Sunday, December 14, 2008

How and When I started to blog:
In a web search for info on the Philadelphia art scene last spring, I contacted the Philadelphia Museum of Art and the pr director sent me to the Fallon and Rosoff blog (http://fallonandrosof.blogspot.com/) where I tapped into the Philly scene and discovered blogging. I was doing this because Mark Borghi Fine Art (where I work part time) was exhibiting in a Philadelphia art fair at the time.

Fallon and Rosoff produce an art blog which is highly respected well beyond the Philadelphia market. They are two artists who are writers and curators as well. In perusing the Fallon and Rosoff site I found Vincent Romaniello’s blog (http://romanblog2.blogspot.com/) which lead me to http://anaba.blogspot.com/, http://modernartobsession.blogs.com
and http://www.artmostfierce.blogspot.com/ among many others and I became inspired. I even came across Gregory Coates, an artist with a resume and credentials a mile long without a web site or representation so I made him a blog (no charge). I just want to do good work. I don’t envision ever turning the blog into a profit center where I would charge for advertising. It is a goodwill effort to connect artists with resources and help with promotion. The link I have on my site which is a money maker is the Amazon widget which is designed to pay me 4% of sales coming through my blog portal. So far I think I’ve accrued about $25 in commissions! The main reason I have Amazon on the site is so I can recommend books and dvd’s related to the articles I post.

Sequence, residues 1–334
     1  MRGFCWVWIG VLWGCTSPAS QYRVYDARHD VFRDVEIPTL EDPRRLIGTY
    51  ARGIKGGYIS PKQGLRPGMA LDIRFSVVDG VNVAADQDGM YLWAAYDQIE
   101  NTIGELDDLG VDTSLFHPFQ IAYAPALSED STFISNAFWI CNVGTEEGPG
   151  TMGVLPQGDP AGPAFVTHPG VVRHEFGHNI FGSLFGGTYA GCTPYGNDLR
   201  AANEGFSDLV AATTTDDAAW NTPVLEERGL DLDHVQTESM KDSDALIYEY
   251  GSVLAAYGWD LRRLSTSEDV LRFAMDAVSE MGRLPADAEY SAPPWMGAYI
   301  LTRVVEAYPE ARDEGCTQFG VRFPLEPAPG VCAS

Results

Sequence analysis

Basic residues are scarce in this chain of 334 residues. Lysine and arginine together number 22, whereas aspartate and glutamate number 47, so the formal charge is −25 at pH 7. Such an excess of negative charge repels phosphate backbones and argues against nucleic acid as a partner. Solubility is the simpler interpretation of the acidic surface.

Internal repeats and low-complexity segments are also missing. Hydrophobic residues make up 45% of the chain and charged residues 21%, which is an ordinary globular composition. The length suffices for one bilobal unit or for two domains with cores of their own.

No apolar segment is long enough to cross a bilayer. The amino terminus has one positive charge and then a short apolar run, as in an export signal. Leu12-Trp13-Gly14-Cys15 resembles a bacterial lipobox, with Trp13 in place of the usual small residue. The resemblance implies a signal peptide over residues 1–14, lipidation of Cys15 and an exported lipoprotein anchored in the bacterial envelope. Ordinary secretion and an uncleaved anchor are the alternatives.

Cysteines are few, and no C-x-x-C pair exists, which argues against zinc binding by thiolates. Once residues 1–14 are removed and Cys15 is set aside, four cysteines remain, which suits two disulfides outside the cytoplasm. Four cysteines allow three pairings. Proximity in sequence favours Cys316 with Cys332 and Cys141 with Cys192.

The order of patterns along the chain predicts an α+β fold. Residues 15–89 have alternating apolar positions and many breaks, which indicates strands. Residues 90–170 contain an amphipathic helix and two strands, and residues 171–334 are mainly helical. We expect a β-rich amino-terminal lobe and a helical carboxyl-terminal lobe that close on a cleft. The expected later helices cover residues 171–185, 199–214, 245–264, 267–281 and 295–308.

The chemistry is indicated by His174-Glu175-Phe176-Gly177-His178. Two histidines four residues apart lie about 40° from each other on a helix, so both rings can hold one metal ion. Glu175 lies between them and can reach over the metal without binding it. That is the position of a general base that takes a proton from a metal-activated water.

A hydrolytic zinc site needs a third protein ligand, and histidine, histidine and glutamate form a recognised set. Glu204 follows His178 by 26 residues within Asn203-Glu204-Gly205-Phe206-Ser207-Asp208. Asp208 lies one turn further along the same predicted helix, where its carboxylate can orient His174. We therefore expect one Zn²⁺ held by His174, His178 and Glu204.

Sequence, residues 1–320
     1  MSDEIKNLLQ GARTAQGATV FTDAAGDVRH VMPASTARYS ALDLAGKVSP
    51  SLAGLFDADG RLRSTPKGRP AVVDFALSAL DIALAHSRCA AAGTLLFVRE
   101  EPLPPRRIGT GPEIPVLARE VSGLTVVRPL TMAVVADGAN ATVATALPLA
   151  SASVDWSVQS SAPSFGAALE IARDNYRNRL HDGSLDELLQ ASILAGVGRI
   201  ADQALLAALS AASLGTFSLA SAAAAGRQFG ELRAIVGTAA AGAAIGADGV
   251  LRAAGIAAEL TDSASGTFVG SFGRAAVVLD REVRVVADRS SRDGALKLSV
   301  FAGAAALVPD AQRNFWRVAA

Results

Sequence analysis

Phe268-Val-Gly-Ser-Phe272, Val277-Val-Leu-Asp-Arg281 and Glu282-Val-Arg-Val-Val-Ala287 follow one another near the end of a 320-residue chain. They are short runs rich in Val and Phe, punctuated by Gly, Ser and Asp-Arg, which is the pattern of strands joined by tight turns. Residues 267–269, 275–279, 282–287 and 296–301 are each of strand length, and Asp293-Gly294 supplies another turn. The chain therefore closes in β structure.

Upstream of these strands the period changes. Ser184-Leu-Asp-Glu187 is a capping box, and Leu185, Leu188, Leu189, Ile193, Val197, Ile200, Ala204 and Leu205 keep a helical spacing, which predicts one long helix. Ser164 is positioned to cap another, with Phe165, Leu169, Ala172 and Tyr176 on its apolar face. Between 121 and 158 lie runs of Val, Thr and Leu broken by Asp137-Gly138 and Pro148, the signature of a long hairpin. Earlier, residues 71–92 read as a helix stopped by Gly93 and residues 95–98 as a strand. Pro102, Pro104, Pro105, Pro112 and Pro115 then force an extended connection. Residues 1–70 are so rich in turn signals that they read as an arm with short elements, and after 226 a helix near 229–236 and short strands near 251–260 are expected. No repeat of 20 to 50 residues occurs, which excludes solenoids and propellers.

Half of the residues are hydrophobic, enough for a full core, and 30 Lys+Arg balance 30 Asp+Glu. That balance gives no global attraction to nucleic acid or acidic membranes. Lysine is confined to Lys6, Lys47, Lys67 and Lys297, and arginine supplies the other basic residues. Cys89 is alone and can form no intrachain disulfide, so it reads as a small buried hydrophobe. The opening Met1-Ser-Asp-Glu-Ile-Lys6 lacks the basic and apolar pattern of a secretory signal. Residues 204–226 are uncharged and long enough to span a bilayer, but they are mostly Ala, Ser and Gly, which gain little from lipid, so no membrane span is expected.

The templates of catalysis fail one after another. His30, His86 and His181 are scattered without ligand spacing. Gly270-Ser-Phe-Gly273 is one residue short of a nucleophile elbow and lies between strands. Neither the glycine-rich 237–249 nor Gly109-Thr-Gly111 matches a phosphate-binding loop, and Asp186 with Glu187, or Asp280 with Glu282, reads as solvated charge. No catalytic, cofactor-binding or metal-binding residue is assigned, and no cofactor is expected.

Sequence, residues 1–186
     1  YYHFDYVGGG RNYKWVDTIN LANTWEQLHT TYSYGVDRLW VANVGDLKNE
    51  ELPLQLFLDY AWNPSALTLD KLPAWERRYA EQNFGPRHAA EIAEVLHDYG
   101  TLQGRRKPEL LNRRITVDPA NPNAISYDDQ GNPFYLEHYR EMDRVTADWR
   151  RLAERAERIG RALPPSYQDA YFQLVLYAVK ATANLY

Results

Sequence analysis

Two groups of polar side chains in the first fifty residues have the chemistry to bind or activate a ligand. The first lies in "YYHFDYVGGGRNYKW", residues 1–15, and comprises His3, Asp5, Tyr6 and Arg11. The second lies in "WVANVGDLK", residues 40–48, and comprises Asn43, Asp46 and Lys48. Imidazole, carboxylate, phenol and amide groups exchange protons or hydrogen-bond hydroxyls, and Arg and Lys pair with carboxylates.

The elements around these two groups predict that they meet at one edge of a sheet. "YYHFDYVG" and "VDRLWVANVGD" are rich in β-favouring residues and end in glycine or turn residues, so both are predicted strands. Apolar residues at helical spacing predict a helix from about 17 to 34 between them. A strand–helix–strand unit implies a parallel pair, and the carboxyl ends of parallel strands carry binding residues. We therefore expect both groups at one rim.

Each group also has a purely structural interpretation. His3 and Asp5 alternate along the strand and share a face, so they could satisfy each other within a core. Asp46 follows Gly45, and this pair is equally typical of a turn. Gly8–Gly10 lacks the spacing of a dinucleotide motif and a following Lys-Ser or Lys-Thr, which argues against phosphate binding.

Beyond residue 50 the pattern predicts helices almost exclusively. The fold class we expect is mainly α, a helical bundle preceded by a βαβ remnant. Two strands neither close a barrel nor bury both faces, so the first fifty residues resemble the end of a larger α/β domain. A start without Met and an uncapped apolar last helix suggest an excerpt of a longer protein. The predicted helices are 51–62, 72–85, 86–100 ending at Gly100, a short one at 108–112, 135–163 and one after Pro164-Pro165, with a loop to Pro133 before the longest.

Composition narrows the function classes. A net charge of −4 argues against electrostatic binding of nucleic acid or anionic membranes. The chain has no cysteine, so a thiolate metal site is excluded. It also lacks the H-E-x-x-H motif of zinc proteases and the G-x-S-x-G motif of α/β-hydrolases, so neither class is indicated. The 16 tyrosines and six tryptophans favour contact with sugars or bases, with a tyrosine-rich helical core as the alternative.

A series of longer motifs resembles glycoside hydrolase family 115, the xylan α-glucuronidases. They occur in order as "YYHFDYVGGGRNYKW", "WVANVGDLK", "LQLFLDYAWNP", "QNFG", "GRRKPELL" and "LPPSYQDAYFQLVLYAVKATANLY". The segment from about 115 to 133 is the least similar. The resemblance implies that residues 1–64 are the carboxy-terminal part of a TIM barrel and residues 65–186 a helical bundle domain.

Why I got started:
I wanted to build a site in an interactive environment with informative links and posts I could access all in one place and share to help other artists (mostly emerging). I wanted to be able to connect with other artists so a static web site wouldn’t do. Also I have no knowledge of web design code. The “google blogger” method of blogging (https://www.blogger.com/start2) is very intuitive. Anyone can build a blog although I suppose it helps to have an art background of some kind. Although I have become a painter, I was schooled at Pratt Institute in graphic design and illustration.